Good Energy

The guys at Good Energy have been really supportive and excited about the expedition, so much so that they have made a contribution which allows me to keep the blog regularly updated during the expedition, so they and everyone else can follow the journey. Good Energy supplies 100% renewable electricity sourced from wind, water, sun and sustainable biomass. CO2 from coal-fired electricity generation is one of the largest contributors to greenhouse gas emissions in the world. Switch your electricity supply to Good Energy using this link and not only will you be supporting the pioneering community of independent green generators, but for every sign up they get they’ll make another donation to help get the bus around the world. It helps you cut your personal CO2 emissions, helps them grow a great business, and helps me get round the world.

Tuesday, 10 November 2009

Camping Sauvage

I’m trying not to be freaked out, but I am. Throughout all of my trips in Africa I’ve always rough camped and apart from one incident it’s never been a problem. Usually I find a spot off the road and if possible out of sight and have a comfy night’s sleep without a second thought. Often I’m asked about dangers in Africa and I have no patience for those that think Africa is full of thieves and muggers ready to slit your throat for a trivial reason. Like anywhere it’s not crime free, but if you take sensible precautions you won’t need to encounter them. It’s a lack of understanding that breeds the fear.

My ignorance is making me flinch at the sound of a distant rustling plastic bag in the breeze. I’ve parked up on the shores of lake Van in a lay-by with a half finished concrete box house graffitied “Hotel Khomeni”. Eastern Turkey is militarised, and although in no way an inconvenience it’s impossible to ignore and it creates an undeserved tension. Throughout Turkey people have been friendly and protective so why would camping here invite trouble? Logically there is no reason, but it’s not often I’m totally on my own, with no help for miles around and the only other time I can remember rough camping like this, I was woken at 3am by a horny Moroccan tapping at the window of the car miming sex with his finger sliding in and out of his other fist.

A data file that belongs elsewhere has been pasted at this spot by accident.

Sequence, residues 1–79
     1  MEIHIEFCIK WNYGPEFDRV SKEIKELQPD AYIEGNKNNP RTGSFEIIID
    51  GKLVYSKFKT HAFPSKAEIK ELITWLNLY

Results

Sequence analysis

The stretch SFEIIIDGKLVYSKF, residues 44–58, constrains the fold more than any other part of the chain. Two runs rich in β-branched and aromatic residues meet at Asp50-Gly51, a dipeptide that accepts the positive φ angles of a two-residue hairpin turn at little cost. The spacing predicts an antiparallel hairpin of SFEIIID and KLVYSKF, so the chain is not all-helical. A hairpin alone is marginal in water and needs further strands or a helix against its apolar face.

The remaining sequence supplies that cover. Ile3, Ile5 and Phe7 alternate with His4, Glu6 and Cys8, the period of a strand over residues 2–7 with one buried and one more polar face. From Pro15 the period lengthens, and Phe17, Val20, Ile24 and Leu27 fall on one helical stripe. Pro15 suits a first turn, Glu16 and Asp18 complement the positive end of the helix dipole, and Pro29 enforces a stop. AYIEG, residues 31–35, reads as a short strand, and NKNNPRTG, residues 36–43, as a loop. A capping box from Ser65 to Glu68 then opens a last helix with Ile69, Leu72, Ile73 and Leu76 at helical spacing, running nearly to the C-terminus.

The situation rapidly got worse. He opened my door, the only one I’d forgotten to lock, and after a wrestling match in which I have broken a bone in his arm with the door. I managed close it, lock it and get the car started and make a sharp exit back up onto the road. I’m on edge because I’m ignoring the lessons of that night. I can’t lock the door from the inside and when the engine is cold it takes a few minutes to start.

That night there was a good reason to stop and park in a place without company, there’d been a really strong storm that was bringing trees down into the road, so I’d decided to pull over and sleep. Tonight the sun has set on Lake Van. It’s only 6pm, but I’m too tired to drive on and I think it will be a beautiful but potholed drive which needs light and concentration to avoid damaging the bus. I won’t have either until morning.

A short walk 100m from the bus to see how visible it is in the oncoming lights of passing vehicles and I’m reassured that it’s discrete enough, but also for the first time on this trip I catch the night sky. It’s the first time I’ve seen it so full of stars and clear. After a few seconds to acclimatise my eyes it’s as good as any desert starscape I can remember. And the lake has another treat, the gentle sound of the breaking choppy waves accompany the Milky Way. My worries about PKK kidnappers and randy homosexuals evaporate, and are replaced with more realistic concerns about the bus starting in the morning, and how much fuel I have. That should be plenty to keep me awake.

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